Water'bout you?

How we designed drinking into our thinking and ended up with a healthier team

By Tara Etherington on 25th June 2016

This is the story of a project called ‘riPidrate’. In this thought piece we explain how Mario, Raspberry Pi and Near Field Communication helped the team in the ribot Studio to drink more water. The project has proven to be a valuable component of our studio life. We tracked our water drinking habits by making our water jug speak to our water cups…

Back in April 2013, I was struck by the thought that I was failing terribly at drinking enough water. After conducting a quick verbal survey in the studio, I realised that a lot of people were feeling the same. They often had their heads down, focussed on trying to solve the world’s problems through a creative mix of design and technology. It dawned on me that some people were not drinking any water at all, for days at a time (I’m looking at you, Antony!).

Feeling thirsty?

Water is vital for keeping our body functioning well. Our bodies are between 50–70% water and we’re constantly losing it, so it needs to be replaced. Drinking enough is vital to maintain good health for the prevention of constipation, kidney stones and urinary tract infections. If you don’t consume enough water, you’ll become dehydrated. Side effects include tiredness, poor concentration, headaches and dizziness. It has been suggested that an average adult should drink as much as 2 litres of fluid a day, but we can get fluid from many places, including from food. We can also get fluid from fizzy drinks, tea and coffee, but they can also contain sugar and/or caffeine. The best recommended way to get good healthy fluid is by simply drinking water.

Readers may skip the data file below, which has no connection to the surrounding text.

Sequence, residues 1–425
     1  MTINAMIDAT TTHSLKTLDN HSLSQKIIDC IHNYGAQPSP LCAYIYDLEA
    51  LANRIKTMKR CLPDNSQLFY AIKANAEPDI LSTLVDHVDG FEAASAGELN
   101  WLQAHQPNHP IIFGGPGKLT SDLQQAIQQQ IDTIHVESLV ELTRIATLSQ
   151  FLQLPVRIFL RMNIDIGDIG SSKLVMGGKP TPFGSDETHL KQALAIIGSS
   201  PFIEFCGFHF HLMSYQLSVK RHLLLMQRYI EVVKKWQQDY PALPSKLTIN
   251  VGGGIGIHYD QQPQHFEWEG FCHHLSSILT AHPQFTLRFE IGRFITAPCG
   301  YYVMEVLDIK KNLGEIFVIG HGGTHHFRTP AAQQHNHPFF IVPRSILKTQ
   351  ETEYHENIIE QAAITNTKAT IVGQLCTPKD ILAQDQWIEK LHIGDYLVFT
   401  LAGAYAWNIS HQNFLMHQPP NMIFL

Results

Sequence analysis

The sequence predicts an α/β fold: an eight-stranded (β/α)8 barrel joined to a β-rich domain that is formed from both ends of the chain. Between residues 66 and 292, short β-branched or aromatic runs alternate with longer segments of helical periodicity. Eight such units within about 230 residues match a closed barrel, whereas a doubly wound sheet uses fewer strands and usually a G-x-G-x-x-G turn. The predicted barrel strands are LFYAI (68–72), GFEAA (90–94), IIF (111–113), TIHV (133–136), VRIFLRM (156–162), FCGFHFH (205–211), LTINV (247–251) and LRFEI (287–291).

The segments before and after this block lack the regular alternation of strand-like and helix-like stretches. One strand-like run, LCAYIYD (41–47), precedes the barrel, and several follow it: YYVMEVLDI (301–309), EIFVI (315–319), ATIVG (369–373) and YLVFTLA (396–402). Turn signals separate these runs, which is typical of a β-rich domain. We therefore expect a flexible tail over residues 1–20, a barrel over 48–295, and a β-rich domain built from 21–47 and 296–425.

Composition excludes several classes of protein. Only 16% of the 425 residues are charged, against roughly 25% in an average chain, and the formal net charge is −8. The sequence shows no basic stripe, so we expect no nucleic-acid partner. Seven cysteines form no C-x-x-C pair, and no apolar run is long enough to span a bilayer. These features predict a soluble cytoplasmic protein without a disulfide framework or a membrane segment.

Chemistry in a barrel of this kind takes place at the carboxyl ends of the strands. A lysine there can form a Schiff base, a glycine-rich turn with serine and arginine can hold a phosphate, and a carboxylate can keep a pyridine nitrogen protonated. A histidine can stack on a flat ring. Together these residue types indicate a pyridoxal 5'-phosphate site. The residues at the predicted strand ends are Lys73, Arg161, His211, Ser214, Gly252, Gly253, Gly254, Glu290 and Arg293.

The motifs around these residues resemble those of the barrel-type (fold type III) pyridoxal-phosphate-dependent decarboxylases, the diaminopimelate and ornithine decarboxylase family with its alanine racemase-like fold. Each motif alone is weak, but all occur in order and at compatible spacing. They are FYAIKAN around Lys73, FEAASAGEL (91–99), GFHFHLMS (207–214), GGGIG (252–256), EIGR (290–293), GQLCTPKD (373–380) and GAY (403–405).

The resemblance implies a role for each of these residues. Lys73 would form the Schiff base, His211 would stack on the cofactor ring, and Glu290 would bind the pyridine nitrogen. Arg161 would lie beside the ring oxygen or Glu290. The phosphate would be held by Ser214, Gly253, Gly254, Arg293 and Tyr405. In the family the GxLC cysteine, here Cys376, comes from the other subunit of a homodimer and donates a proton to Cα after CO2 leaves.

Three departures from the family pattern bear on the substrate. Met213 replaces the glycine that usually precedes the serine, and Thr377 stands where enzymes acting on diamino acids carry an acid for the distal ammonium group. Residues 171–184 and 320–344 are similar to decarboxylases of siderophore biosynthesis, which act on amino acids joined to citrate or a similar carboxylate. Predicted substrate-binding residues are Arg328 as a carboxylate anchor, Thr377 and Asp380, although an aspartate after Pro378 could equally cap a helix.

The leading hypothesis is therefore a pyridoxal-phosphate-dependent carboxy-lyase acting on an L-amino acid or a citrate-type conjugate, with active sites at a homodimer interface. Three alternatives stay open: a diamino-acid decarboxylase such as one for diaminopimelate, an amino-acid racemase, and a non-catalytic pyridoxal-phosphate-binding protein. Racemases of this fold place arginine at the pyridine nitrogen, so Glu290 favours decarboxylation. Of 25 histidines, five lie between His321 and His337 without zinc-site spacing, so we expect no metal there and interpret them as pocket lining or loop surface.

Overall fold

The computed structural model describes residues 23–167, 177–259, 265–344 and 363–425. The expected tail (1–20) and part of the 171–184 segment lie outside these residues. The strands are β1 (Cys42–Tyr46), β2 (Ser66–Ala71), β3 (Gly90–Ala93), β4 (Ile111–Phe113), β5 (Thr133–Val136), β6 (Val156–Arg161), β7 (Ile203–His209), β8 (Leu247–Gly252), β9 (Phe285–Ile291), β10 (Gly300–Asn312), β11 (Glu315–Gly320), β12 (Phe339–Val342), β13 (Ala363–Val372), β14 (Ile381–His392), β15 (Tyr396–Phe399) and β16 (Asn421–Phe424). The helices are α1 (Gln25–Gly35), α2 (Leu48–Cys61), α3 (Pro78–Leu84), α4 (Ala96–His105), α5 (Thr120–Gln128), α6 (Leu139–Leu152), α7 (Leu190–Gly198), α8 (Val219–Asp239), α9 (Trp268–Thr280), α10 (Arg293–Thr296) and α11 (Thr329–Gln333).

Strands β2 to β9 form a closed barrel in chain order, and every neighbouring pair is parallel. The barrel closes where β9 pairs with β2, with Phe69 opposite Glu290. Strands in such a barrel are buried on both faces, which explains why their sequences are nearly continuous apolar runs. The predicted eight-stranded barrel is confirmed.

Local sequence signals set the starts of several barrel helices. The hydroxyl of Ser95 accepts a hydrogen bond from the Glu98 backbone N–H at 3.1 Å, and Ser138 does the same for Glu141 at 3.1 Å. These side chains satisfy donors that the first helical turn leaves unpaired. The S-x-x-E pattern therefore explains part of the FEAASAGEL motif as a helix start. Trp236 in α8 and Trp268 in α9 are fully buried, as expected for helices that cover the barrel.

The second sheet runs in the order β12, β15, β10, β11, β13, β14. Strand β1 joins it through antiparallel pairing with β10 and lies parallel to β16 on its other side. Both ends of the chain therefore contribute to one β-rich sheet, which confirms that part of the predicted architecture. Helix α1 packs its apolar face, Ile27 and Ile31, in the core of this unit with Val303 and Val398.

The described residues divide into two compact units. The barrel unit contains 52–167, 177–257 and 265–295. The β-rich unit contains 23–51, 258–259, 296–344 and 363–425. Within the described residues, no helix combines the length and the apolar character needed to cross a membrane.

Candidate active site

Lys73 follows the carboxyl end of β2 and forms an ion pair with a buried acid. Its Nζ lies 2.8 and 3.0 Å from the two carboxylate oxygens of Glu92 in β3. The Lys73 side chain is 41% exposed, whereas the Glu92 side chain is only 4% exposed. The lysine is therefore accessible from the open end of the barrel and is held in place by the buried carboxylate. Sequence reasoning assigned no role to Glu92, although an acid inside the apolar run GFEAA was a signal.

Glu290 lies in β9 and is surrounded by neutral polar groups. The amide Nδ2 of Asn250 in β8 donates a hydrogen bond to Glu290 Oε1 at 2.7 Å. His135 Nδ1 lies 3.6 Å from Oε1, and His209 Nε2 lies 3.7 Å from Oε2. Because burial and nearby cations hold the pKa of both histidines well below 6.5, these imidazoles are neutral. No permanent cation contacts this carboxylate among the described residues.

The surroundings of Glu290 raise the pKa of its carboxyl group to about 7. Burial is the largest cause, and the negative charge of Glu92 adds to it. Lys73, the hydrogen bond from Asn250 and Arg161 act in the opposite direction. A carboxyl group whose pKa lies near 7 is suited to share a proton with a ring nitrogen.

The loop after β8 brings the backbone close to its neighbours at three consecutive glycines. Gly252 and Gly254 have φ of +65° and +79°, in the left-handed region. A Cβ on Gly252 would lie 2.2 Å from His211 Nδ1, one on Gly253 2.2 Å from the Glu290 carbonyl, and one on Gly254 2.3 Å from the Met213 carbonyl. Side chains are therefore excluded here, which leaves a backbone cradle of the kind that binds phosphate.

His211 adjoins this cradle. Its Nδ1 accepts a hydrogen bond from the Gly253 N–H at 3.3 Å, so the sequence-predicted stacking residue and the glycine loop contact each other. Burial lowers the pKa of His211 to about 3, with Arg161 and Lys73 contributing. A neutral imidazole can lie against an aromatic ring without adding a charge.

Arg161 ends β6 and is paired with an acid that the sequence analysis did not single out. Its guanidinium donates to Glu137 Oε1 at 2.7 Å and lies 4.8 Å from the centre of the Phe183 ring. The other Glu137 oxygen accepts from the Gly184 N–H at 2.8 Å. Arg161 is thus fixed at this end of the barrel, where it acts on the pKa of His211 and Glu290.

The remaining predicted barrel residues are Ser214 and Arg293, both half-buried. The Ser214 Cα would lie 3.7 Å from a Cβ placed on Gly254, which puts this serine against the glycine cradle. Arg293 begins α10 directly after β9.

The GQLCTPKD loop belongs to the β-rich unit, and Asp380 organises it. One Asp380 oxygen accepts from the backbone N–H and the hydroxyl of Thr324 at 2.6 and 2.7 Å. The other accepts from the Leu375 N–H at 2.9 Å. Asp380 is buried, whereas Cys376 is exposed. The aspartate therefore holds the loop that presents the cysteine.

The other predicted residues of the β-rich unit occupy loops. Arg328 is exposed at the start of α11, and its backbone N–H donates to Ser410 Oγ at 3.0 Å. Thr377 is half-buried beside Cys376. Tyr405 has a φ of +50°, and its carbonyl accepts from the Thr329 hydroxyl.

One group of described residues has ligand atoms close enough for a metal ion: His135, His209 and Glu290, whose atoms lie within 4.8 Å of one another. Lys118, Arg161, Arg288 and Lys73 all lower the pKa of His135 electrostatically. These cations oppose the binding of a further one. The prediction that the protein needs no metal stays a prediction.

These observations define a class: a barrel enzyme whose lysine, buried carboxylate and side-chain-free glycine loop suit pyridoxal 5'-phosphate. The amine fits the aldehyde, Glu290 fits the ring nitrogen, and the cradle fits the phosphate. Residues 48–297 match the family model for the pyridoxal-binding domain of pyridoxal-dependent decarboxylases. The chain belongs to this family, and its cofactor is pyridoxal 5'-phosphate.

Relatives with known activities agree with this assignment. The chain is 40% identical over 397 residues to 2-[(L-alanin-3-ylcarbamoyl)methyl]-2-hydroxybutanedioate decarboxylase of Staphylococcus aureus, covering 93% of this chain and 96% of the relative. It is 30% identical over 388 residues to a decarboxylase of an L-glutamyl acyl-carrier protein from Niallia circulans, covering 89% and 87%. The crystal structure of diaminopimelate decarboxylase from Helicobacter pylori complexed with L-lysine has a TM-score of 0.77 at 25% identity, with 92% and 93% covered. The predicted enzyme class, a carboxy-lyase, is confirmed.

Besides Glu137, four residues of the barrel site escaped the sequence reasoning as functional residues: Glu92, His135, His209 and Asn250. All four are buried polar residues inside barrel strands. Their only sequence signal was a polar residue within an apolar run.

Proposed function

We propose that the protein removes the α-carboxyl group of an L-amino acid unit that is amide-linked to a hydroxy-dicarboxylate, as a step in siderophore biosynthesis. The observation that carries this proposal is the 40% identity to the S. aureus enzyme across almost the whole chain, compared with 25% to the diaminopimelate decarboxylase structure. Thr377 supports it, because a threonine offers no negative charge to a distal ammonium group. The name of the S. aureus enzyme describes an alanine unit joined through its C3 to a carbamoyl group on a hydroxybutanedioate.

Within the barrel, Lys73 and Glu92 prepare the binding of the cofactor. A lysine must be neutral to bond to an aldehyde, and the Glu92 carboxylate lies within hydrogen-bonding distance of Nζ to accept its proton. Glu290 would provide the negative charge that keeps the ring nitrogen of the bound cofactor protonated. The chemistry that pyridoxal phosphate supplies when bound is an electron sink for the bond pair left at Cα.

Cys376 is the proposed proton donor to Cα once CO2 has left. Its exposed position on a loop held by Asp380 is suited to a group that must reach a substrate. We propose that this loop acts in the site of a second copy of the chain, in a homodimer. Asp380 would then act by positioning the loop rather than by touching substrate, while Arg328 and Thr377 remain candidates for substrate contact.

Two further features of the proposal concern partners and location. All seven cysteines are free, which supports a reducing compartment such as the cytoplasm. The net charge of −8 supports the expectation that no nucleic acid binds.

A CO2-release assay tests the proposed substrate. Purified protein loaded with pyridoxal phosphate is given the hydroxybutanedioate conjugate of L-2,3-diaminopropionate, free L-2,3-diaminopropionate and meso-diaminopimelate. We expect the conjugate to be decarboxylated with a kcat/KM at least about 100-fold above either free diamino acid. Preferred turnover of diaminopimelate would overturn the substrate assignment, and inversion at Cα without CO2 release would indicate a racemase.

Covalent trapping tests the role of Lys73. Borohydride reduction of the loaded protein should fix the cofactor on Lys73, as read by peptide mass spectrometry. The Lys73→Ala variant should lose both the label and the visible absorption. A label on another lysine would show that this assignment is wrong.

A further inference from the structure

The opportunity to work on this arose out of a ribot Day. This is a two-day internal event that we run here at ribot to improve the way that we work and experiment with new concepts.

Keeping the flow

Initially, I thought It would be helpful to keep track of how much water we drink and to see this visually every day. Water tracking apps exist already and I didn’t want to create another mobile app. Especially an app that required me to remember to track water consumption by opening my phone, finding the app and following the appropriate steps to record that cup of water. I wanted something that would fit into my natural behaviour, that would just track it for me. I didn’t want to do anything extra. I also wanted to avoid creating annoying notifications e.g. “Have you drunk water today Tara?”

So I decided to explore how I could use my physical environment to encourage water consumption. How might I use digital in a more physical way?

I’ve also been really inspired by the Internet of Things movement. Sensors, mini-computers like the Arduino and relevant interfaces. I knew this would be how I could do it!

First, I conducted a short ethnographic study on drinking behaviours and habits in the studio. We had communal water jugs and cups in the studio that got refilled and drank every day (slowly) or people also drank bottled water at their desks. I liked the consistency and community spirit of the water jugs. I also liked the idea of encouraging people to get up from their desks and I decided to use that as an ‘Internet of Things’ led idea.

I approached Luis to be my buddy (back then a developer and experimenter extraordinaire… someone crazy enough to think this could work). I asked him, “What if the jug could talk to my cup?”. Luis’s eyes light up, he gets this look in his eyes when he’s challenged with something a little… risky. One of the many reasons I enjoy working with him.